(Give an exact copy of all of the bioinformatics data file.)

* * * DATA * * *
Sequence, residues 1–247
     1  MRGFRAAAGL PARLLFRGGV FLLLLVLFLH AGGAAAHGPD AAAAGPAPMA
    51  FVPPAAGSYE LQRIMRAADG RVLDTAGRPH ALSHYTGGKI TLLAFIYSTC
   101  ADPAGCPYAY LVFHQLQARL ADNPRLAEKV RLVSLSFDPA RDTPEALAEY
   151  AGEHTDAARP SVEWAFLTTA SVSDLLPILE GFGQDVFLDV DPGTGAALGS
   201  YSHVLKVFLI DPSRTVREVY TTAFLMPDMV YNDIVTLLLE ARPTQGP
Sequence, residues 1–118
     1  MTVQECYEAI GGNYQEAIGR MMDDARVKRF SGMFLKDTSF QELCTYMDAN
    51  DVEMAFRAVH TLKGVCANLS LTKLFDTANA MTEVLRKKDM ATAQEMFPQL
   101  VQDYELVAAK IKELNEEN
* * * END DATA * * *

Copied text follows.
Sequence, residues 1–247
     1  MRGFRAAAGL PARLLFRGGV FLLLLVLFLH AGGAAAHGPD AAAAGPAPMA
    51  FVPPAAGSYE LQRIMRAADG RVLDTAGRPH ALSHYTGGKI TLLAFIYSTC
   101  ADPAGCPYAY LVFHQLQARL ADNPRLAEKV RLVSLSFDPA RDTPEALAEY
   151  AGEHTDAARP SVEWAFLTTA SVSDLLPILE GFGQDVFLDV DPGTGAALGS
   201  YSHVLKVFLI DPSRTVREVY TTAFLMPDMV YNDIVTLLLE ARPTQGP
Sequence, residues 1–118
     1  MTVQECYEAI GGNYQEAIGR MMDDARVKRF SGMFLKDTSF QELCTYMDAN
    51  DVEMAFRAVH TLKGVCANLS LTKLFDTANA MTEVLRKKDM ATAQEMFPQL
   101  VQDYELVAAK IKELNEEN